14. Frank, J. D., & Frank, J. B. (1991). Persuasion and healing: A comparative study of psychotherapy (3rd ed.). Baltimore, MD: Johns Hopkins University Press.Google Scholar
  15. Goldfried, M. R. (2013). What should we expect from psychotherapy? Clinical Psychology Review, 33, 862–869.CrossRefGoogle Scholar
  16. Grawe, K. (2004). Neuropsychotherapie. Göttingen: Hogrefe.Google Scholar
  17. Grawe, K., Donati, R., & Bernauer, F. (1994). Psychotherapie im Wandel. Von der Konfession zur Profession. Göttingen: Hogrefe.Google Scholar
  18. Grosse Holtforth, M., & Grawe, K. (2004). Inkongruenz und Fallkonzeption in der Psychologischen Therapie. Verhaltenstherapie und Psychosoziale Praxis, 36, 9–21.Google Scholar
  19. Heckhausen, J., & Heckhausen, H. (2010). Motivation und Handeln. Heidelberg: Springer.CrossRefGoogle Scholar
  20. Kaydkhorde, H., Moltafet, G., & Chinaveh, M. (2014). Relationship between satisfying psychological needs and resilience in high-school students in Dezful town. Academic Journal of Psychological Studies, 3(1), 57–62.Google Scholar
  21. Knafla, I., Schaer, M., & Steinebach, C. (2017). Jugendliche stärken. Wirkfaktoren in Beratung und Therapie. Weinheim: Beltz.Google Scholar
  22. Maslow, A. H. (1954). Motivation und Persönlichkeit. Reinbek: Rowohlt.Google Scholar
  23. Orlinsky, D. E., Grawe, K., & Parks, B. K. (1994). Process and outcome in psychotherapy. In A. E. Bergin & S. L. Garfield (Eds.), Handbook of psychotherapy and behavior change (4th ed., pp. 270–376). New York, NY: Wiley.Google Scholar
  24. Orlinsky, D., Roennestadt, M. H., & Willutzki, U. (2004). Fifty years of psychotherapy process-outcome research: Continuity and change. In M. J. Lambert (Ed.), Bergin and Garfield’s handbook of psychotherapy and behavior change (pp. 307–390). New York, NY: Wiley.Google Scholar
  25. Ryan, R. M., & Deci, E. L. (2017). Self-determination theory: Basic psychological needs in motivation, development, and wellness. New York: Guilford Publishing.Google Scholar
  26. Rogers, C. R. (2004). Entwicklung der Persönlichkeit (15th ed.). Stuttgart: Klett-Cotta.Google Scholar
  27. Rosenzweig, S. (1936). Some implicit common factors in diverse methods of psychotherapy. American Journal of Orthopsychiatry, 6, 412–415.CrossRefGoogle Scholar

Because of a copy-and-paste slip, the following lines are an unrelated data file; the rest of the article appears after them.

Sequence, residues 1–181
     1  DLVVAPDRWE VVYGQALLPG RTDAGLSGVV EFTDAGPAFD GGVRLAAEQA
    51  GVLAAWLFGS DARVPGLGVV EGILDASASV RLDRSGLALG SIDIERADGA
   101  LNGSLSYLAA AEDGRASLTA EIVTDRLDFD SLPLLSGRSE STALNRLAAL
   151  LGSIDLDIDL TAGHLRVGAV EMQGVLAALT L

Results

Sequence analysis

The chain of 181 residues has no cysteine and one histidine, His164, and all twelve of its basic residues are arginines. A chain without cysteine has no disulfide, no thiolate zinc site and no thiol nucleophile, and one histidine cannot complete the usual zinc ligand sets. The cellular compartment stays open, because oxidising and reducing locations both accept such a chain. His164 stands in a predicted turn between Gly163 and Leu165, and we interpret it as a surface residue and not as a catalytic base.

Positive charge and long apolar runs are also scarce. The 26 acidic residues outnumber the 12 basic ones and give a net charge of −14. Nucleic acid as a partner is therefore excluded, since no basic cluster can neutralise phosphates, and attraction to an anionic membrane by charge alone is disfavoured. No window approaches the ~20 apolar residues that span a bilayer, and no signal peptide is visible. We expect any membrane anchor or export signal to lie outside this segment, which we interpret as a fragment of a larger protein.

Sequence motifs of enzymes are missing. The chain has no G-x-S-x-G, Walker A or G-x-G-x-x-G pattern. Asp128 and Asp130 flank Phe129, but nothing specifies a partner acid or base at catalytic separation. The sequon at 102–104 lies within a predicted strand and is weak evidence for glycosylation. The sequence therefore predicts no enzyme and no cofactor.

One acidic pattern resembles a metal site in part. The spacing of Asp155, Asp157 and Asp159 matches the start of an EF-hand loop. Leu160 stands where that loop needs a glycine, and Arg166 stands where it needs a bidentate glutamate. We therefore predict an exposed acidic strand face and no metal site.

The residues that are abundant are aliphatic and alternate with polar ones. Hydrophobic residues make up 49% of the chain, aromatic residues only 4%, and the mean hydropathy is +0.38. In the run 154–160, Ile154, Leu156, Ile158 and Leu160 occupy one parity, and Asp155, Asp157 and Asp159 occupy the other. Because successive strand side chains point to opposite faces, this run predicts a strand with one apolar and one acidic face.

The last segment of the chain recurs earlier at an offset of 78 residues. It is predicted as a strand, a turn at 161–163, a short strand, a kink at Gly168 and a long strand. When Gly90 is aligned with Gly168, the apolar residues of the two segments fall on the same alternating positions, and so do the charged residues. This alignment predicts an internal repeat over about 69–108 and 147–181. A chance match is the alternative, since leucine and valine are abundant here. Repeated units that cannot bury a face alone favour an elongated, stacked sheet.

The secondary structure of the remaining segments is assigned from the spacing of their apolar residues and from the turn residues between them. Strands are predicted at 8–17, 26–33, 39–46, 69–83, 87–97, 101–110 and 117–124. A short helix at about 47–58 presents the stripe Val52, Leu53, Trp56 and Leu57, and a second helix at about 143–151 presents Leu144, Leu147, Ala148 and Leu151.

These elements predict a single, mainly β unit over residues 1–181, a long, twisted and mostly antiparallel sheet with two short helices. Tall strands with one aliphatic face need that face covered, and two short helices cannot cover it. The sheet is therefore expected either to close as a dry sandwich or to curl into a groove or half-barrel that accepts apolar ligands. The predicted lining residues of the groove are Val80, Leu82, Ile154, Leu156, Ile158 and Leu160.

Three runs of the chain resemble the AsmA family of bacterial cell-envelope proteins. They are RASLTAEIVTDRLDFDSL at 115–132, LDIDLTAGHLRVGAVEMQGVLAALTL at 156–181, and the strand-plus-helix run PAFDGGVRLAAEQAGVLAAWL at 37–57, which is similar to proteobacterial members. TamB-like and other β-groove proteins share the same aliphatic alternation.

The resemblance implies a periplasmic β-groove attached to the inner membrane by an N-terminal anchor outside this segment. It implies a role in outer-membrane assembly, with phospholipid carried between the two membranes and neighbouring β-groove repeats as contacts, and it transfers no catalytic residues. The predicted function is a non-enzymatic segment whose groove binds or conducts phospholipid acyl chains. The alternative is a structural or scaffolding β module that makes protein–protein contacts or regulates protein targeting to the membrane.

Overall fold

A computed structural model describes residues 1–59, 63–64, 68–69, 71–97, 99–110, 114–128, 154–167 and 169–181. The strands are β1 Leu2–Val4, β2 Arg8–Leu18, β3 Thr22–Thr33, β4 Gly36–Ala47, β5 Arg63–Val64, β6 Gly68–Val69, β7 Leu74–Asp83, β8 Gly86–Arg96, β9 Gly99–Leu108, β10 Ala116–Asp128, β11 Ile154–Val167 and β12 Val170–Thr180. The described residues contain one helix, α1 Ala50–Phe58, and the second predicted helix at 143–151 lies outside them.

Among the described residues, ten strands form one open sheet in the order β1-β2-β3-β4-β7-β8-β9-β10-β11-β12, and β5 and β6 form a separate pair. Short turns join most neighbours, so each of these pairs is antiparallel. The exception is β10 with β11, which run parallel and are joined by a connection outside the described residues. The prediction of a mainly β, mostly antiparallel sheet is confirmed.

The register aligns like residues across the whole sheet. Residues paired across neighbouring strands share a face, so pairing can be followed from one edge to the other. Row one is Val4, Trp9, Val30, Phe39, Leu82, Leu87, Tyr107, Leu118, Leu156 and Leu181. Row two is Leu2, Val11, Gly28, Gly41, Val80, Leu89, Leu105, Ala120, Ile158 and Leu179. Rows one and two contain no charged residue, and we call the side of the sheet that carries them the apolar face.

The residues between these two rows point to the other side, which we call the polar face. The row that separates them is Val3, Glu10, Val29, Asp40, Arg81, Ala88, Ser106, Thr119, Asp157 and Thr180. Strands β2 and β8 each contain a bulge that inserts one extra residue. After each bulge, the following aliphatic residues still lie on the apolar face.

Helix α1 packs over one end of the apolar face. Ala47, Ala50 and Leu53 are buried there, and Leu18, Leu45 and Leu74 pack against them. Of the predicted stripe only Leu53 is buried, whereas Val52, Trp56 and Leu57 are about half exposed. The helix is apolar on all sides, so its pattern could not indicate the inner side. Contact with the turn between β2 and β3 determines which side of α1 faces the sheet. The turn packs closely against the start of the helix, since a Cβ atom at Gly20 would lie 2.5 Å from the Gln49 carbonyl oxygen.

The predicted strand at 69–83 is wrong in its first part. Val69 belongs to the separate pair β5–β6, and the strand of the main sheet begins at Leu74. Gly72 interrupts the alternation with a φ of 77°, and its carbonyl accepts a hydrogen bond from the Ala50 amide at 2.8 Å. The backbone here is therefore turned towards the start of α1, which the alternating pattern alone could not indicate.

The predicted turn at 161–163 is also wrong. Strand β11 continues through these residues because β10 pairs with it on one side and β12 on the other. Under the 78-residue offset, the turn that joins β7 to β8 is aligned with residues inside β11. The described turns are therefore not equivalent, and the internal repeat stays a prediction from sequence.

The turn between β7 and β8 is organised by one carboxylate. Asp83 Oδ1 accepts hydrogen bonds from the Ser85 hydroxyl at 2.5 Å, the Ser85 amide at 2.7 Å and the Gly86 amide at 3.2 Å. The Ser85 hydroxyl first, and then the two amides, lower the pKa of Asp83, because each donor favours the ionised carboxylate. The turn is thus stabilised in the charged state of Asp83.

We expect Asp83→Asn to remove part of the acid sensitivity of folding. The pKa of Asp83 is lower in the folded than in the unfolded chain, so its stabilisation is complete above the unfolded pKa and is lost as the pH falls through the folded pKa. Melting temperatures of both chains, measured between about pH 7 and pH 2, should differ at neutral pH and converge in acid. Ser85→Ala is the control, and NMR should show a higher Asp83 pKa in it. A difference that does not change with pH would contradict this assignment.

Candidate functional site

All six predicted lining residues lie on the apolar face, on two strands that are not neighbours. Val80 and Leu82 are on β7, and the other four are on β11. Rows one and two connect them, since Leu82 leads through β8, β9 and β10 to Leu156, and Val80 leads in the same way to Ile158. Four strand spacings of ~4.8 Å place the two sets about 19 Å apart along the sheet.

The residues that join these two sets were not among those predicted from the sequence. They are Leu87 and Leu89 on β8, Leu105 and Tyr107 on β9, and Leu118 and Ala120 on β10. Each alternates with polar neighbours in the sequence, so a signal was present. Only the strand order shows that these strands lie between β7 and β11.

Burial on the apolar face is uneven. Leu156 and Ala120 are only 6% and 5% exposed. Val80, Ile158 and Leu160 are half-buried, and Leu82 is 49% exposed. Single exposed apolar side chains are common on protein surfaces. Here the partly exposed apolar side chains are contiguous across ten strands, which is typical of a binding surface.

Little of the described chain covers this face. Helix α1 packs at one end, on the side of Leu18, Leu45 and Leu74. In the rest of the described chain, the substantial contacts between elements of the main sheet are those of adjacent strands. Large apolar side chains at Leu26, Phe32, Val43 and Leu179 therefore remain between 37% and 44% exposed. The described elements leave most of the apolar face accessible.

28. Rotter, J. (1966). Generalized expectancies for internal versus external control of reinforcement. Psychological Monographs, 80 (609).CrossRefGoogle Scholar
  29. Sachse, R. (1999). Lehrbuch der Gesprächspsychotherapie. Göttingen: Hogrefe.Google Scholar
  30. Schär, M. (2016). Paarberatung und Paartherapie - Partnerschaft zwischen Problemen und Ressource. Heidelberg: Springer.Google Scholar
  31. Schär, M., & Steinebach, C. (2015). Resilienzfördernde Psychotherapie bei Kindern, Jugendlichen und Familien: Erfüllte Grundbedürfnisse als Ressource. Weinheim: Beltz.Google Scholar
  32. Walter, J. L., & Peller, J. E. (1992). Become solution-focused in brief therapy. New York, NY: Brunner/Mazel.Google Scholar
  33. Wampold, B. E., & Budge, S. L. (2011). The 2011 Leona Tyler award address: The relationship—And its relationship to the common and specific factors of psychotherapy. The Counseling Psychologist, 40(4), 601–623.CrossRefGoogle Scholar
  34. Wampold, B. E., & Imel, Z. E. (2015). The great psychotherapy debate: Research evidence for what works in psychotherapy (2nd ed.). New York, NY: Routledge.CrossRefGoogle Scholar
  35. Young, J. E., Klosko, J. S., & Weishaar, M. E. (2008). Schematherapie. Ein praxisorientiertes Handbuch. Paderborn: Junfermann.Google Scholar

Copyright information

© Springer Nature Switzerland AG 2019

Authors and Affiliations

  1. 1.School of Applied Psychology, ZHAW Zürich University of Applied SciencesZürichSwitzerland

Personalised recommendations